How Do You Sleep?: 23 Highly Specific Rock and Roll Diss Tracks

  1. Pavement, “Range Life” (1994)
    Stephen Malkmus wrote the country shuffle “Range Life,” which for most of its five minutes is an earnest meditation on how the desire to live freely conflicts with a yearning for security. Then in the final, semi-improvised verse, Malkmus laconically lashes out at Smashing Pumpkins (singing “they don’t have no function”) and Stone Temple Pilots (dismissing the group as “elegant bachelors”).
  2. Sex Pistols, “New York” (1977)
    Though punk was still in its nascent stage in 1977, the Sex Pistols were ready to serve a palate cleanser with Never Mind The Bollocks, Here’s The Sex Pistols. The band seemed eager to kill its predecessors, including the New York Dolls, who they trashed on the album in “New York.” Johnny Rotten snarks about the N.Y. Dolls’ addiction issues and diminished relevance, bookending the nastiness with the line “sealed with a kiss."
  3. David Bowie, “Teenage Wildlife” (1980)
    When Bowie didn’t like somebody, he let them know, though few people seem to have rubbed him the wrong way like Gary Numan did in the late 1970s. The new-wave pioneer owed a lot to Bowie’s experiments with sound and public image, as did many of the synth poppers who were coming up at the time—but instead of a nod of approval from the Thin White Duke, what they inspired was the sprawling, poison-pen “Teenage Wildlife,” which serves as the centerpiece of Scary Monsters (And Super Creeps).
  4. Sun Kil Moon, “War On Drugs: Suck My Cock” (2014)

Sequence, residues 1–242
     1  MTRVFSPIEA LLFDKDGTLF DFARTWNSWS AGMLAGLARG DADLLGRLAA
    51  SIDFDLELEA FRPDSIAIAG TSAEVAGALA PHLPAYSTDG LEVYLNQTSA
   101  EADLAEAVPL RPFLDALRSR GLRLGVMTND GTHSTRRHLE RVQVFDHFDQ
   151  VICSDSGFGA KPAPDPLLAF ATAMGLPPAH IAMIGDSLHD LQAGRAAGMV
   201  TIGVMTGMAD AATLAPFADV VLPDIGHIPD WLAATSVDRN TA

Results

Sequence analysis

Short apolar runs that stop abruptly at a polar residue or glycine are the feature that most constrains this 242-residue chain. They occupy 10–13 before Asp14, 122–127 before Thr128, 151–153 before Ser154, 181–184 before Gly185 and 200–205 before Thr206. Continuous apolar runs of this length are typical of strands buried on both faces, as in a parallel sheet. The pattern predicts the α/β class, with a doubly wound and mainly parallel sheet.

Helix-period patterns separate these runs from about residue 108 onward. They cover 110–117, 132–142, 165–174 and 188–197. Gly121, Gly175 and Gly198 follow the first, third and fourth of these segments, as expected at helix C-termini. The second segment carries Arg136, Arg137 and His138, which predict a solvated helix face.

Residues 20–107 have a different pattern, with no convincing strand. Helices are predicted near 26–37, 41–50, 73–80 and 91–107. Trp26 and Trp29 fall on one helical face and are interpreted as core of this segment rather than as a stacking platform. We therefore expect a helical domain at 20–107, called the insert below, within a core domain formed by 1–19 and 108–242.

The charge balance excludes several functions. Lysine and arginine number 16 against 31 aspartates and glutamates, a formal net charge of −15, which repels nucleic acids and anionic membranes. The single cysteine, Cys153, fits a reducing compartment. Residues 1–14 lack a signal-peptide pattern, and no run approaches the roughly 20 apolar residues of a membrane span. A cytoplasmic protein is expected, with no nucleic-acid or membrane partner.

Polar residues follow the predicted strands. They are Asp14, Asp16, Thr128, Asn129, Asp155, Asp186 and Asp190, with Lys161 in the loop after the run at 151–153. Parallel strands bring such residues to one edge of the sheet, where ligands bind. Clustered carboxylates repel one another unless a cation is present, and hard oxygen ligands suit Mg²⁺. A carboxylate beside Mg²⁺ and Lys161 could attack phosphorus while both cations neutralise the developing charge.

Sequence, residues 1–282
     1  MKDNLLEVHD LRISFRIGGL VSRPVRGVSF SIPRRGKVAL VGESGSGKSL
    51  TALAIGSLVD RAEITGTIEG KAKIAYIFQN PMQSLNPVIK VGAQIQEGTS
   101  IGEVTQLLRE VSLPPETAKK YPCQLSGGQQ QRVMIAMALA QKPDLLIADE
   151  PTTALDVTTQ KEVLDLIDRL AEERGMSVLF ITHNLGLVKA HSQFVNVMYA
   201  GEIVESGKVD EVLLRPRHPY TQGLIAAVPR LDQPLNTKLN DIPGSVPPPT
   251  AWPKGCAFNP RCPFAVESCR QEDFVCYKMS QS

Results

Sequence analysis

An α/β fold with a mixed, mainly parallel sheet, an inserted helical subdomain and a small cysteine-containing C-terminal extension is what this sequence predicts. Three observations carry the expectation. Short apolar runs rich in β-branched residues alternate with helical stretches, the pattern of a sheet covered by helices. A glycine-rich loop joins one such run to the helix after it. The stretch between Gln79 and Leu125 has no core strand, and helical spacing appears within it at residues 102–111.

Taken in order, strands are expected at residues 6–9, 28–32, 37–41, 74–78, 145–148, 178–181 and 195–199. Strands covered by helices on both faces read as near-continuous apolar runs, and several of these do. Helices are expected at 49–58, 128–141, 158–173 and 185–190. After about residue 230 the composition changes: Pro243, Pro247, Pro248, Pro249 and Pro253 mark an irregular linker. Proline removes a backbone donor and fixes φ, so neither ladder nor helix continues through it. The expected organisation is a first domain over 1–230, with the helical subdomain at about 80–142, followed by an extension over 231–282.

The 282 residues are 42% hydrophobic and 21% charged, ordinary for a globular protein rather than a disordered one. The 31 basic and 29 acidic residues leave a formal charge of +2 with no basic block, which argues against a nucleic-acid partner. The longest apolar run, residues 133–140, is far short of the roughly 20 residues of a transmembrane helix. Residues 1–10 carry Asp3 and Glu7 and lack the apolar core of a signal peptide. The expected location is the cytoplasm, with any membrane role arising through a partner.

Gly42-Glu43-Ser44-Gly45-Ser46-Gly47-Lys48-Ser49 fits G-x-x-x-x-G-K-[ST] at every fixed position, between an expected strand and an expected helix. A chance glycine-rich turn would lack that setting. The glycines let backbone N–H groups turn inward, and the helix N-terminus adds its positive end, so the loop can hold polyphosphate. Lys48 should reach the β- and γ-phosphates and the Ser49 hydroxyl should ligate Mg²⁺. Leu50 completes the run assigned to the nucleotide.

The savage, seven-minute “War On Drugs: Suck My Cock” isn’t among Kozelek’s best work, but it’s an important document to prove a rock rivalry future generations might not otherwise believe took place. The feud has since cooled down, so perhaps Kozelek and WOD have mended fences, presumably without anyone performing fellatio.
  5. John Lennon, “How Do You Sleep?” (1971)
    The song contains the lines, “Those freaks was right when they said you was dead,” and, “The only thing you done was yesterday.” Adding insult: George Harrison played guitar on the song, and Ringo Starr dropped by the studio during the recording. These passive-aggressive pokes between Lennon and McCartney were never as pointed again, but they didn’t need to be.
  6. Sebadoh, “Gimme Indie Rock” (1991)
    Given that bands don’t get much more “indie rock” than Sebadoh—either in aesthetic or business model—this roaring anthem could be read as only a little bit sarcastic. But as singer-songwriter Lou Barlow describes his chosen genre as “middle of the road” “electric white boy blues,” he’s at least being self-critical. Plus, he names names, singing about “getting loose with the Pussy Galore” and “pedal-hopping like Dinosaur [Jr.]”
  7. Sebadoh, “The Freed Pig” (1991)
    Lou Barlow dove more deeply into his break from Dino Jr. on Sebadoh’s infamously scathing “Freed Pig.” He lays the sarcasm on thick, conceding he was a cancer to Dinosaur Jr. and that he’d been dead set on provoking the group’s J. Mascis out of jealousy over his enormous talent. “Now you will be free,” Barlow sings, choking on his contempt, “With no sick people tugging on your sleeve, your big head has that more room to grow.”
  8. Menswear, “Stardust” (1995)
    The Britpop era produced many press feuds—“Wibbling Rivalry,” Blur vs. Oasis, etc.—but surprisingly few good diss songs. Leave it to glampop purveyors Menswear to provide one of the best ones with “Stardust,” which takes on Primal Scream’s Bobby Gillespie and his taste for the trappings of rockstardom: career reinventions, pretty girlfriends, and fashionable clothes.